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Tomb raiders ‘spotted’ from space, satellite data reveals looting of archaeological sites

File photo – Prehistoric works of art typical of the artifacts found in the early iron age graves. (Trevor Wallace)

Scientists are the use of high-resolution satellite imagery to identify places where looters are ransacking ancient tombs.

The graves are in a remote part of northwest China, according to experts from the University of Bern in Switzerland and the University of Sydney.

“Due to the large number of clearly affected burial mounds, it becomes clear that the largest part of the cultural heritage of the Early iron age in this area is under threat,” explain the researchers in a study published in the journal Heritage. “The roof, however, remains until the day of today.”

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“We specifically chose an area of interest in Xinjiang, China. We assumed that, due to the distance and the heavy presence of security forces in the region, we would find a greater proportion of the intact graves,” said Gino Caspari, of the Institute of Archaeological Sciences at the University of Bern, in a statement.

A recently plundered grave in the Northwest of China (Trevor Wallace)

However, the satellite data show that looters had already gained access to most of the counts. “More than 74.5 percent of the analyzed tombs were destroyed and plundered,” Gaspari explained.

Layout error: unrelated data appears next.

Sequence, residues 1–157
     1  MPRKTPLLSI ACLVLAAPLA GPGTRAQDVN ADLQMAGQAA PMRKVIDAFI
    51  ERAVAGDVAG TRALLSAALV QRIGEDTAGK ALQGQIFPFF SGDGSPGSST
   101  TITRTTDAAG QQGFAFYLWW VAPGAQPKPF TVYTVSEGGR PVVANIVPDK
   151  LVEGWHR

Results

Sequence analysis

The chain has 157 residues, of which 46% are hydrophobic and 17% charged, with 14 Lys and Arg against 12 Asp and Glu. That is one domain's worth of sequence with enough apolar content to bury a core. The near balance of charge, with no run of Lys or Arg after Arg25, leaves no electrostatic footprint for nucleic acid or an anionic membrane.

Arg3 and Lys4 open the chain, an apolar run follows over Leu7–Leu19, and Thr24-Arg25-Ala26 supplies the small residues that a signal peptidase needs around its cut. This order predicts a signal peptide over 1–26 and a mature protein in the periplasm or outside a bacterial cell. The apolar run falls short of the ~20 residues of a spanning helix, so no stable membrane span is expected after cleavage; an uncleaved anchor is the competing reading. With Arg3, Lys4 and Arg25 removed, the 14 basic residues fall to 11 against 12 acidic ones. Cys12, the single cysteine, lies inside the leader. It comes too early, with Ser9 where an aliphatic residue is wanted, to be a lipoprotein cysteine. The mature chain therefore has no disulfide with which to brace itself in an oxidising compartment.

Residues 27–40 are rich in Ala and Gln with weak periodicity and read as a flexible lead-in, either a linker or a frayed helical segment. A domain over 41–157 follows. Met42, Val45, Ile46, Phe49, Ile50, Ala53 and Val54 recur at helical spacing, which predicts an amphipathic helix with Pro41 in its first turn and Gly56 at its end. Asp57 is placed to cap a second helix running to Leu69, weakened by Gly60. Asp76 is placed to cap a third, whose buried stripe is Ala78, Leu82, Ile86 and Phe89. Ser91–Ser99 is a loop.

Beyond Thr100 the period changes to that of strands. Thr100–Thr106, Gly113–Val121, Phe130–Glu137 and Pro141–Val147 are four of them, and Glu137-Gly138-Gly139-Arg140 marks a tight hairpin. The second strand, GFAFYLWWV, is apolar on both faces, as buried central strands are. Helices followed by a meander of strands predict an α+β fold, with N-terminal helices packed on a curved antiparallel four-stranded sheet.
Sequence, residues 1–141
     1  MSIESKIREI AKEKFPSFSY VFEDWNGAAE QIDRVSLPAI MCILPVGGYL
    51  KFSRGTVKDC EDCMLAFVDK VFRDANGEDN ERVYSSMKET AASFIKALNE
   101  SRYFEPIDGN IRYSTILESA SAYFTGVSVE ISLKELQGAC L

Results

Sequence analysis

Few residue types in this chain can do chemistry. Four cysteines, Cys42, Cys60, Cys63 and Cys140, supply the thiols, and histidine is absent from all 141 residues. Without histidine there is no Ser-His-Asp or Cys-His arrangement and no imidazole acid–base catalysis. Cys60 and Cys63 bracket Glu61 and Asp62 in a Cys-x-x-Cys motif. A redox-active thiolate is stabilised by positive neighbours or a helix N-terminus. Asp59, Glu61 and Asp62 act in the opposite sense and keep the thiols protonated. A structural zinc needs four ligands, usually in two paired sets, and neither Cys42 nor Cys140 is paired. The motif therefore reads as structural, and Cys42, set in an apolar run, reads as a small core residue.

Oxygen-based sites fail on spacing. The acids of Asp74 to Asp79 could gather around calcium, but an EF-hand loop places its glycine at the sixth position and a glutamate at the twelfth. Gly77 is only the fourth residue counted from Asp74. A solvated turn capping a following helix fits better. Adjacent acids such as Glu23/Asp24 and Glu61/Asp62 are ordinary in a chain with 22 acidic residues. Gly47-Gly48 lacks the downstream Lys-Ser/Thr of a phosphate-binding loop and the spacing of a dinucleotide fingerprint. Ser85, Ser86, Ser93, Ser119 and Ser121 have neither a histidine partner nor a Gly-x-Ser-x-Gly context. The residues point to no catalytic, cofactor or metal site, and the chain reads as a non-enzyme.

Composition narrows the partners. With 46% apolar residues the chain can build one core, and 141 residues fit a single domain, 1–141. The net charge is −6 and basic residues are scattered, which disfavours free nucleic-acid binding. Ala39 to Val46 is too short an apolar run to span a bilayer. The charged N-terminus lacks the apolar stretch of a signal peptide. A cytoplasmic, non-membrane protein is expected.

Ancient nomadic tribes in the region would bury their dead in large mounds, often with gold jewelry and elaborate weapons, making an attractive target for tomb raiders.

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Gaspari studied satellite data going back to 2003 showed that since then, the number of graves being plundered is significantly increased. “The last untouched archaeological sites of the ancient steppe nomads under threat”, he said in the statement.

Archaeologists also carried out on the basis of surveys for the measurement of the extent of the destruction.

Satellite data can be a valuable tool for archaeologists. Experts, for example, have used spy satellite images and drones to help the site of an ancient, lost city in the North of Iraq.

Researchers have also trawled through satellite images in the search for Viking settlements in North America.

Follow James Rogers on Twitter @jamesjrogers

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